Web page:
It comes as no surprise to anyone that there are societal costs associated with the use of fossil fuels. In economics, they refer to externalities, which at in the simplest terms means the cost (or benefits) of an activity that is not transmitted through prices.
Now, a Harvard researcher has done work to try to put a price on the "hidden costs" associated with the use of coal in the United States. According to work done by Paul Epstein, a Harvard Medical School instructor and the associate director of its Center for Health and the Global Environment, those costs amount to around $345 billion per year.
According to the study:
Accounting for the damages conservatively doubles to triples the price of electricity from coal per kWh generated, making wind, solar, and other forms of nonfossil fuel power generation, along with investments in efficiency and electricity conservation methods, economically competitive. Link to Abstract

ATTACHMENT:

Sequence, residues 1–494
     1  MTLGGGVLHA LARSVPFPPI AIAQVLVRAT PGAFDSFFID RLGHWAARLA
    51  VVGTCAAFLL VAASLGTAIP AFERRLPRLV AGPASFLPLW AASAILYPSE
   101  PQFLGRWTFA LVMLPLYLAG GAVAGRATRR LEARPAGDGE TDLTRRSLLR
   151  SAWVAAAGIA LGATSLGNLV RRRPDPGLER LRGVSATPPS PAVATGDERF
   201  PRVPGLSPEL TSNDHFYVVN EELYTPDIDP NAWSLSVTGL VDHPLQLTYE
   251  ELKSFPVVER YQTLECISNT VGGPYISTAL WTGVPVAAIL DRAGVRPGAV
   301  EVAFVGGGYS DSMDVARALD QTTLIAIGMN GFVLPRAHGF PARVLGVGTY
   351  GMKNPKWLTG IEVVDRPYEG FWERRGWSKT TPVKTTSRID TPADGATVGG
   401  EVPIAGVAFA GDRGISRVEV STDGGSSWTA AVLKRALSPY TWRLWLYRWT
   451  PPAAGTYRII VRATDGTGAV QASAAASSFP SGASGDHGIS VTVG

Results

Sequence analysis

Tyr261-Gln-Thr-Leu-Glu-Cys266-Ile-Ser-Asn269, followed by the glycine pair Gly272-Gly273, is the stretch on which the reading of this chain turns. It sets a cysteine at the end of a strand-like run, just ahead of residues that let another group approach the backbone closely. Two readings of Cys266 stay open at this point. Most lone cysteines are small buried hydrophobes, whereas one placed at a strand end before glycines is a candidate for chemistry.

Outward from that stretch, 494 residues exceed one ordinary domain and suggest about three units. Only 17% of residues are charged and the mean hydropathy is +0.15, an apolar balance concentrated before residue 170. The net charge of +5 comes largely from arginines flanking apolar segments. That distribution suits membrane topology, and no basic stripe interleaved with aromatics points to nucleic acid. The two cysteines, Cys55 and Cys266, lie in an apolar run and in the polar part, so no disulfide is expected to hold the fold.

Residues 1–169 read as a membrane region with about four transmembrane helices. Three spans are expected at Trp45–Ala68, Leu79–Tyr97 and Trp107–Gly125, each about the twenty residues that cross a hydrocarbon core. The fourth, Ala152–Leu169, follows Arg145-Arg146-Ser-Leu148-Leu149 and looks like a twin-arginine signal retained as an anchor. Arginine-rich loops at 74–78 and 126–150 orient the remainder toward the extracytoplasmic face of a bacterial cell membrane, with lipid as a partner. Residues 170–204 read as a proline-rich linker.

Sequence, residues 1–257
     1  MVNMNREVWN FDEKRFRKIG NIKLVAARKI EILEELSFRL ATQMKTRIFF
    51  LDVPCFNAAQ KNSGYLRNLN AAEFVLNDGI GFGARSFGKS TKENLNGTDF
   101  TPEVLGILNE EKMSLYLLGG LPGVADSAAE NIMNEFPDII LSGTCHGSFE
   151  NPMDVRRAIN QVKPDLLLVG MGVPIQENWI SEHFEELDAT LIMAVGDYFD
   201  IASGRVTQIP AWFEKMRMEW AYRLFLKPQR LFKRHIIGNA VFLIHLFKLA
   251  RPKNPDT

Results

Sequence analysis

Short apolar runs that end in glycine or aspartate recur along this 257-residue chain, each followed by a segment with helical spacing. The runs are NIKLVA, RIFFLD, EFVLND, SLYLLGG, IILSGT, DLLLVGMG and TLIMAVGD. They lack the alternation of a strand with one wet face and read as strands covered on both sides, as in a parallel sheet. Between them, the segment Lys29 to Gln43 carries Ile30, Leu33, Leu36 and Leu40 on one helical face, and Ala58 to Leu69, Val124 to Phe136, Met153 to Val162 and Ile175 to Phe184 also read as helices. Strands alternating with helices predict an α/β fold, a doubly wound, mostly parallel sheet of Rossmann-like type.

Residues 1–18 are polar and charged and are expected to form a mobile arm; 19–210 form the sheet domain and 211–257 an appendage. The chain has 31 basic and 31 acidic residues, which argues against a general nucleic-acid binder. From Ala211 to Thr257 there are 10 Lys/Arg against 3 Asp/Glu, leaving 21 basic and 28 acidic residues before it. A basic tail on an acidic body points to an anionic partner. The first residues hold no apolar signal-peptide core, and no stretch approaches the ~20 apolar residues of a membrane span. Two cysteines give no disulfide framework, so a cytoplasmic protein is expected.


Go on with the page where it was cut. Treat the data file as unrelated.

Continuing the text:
In an article published by Reuters, some of those costs include health problems in mining communities and pollution around power plants.
The estimate of hidden costs takes into account a variety of side-effects of coal production and use. Among them are the cost of treading elevated rates of cancer and other illnesses in coal-mining areas, environmental damage and lost tourism opportunities in coal regions where mountaintop removal is practiced and climate change resulting from elevated emissions of carbon dioxide from burning the coal.
Read the full article by Scott Malone on the Reuter's site.
The full study is being published by the Annals of the NY Academy of Sciences. A copy of an illustrated brochure with more information is available here.